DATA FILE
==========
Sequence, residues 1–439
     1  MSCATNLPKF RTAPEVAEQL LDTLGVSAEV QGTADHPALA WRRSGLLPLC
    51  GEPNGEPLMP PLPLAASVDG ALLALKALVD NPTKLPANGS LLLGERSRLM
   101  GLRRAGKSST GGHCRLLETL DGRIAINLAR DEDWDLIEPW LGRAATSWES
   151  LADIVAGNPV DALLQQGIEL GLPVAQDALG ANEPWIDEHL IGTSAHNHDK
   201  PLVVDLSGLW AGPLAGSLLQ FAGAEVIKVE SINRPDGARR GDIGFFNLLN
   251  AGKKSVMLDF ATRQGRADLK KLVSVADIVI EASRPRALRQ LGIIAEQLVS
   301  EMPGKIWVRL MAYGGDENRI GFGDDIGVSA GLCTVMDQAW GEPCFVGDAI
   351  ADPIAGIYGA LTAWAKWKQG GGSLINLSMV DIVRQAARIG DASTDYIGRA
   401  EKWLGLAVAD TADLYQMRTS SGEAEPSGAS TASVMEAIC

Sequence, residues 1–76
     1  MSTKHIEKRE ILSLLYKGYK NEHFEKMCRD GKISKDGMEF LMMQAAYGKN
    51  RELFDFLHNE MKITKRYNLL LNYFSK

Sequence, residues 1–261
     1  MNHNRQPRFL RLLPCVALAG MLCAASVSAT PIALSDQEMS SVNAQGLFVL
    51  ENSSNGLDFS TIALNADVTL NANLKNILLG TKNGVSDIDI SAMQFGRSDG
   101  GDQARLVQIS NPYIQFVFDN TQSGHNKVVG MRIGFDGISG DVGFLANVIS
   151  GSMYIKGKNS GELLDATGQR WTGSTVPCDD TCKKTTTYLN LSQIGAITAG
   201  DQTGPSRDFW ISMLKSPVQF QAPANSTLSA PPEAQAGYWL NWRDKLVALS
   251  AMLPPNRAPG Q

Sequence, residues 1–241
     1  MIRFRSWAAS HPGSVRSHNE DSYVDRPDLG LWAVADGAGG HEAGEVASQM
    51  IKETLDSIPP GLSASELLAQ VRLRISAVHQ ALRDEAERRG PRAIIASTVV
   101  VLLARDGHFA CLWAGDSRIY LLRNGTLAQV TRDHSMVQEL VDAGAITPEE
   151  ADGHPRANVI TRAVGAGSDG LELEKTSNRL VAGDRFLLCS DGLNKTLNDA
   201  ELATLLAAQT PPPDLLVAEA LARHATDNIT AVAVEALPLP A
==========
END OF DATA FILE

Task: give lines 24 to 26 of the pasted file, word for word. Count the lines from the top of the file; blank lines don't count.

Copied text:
   101  VLLARDGHFA CLWAGDSRIY LLRNGTLAQV TRDHSMVQEL VDAGAITPEE
   151  ADGHPRANVI TRAVGAGSDG LELEKTSNRL VAGDRFLLCS DGLNKTLNDA
   201  ELATLLAAQT PPPDLLVAEA LARHATDNIT AVAVEALPLP A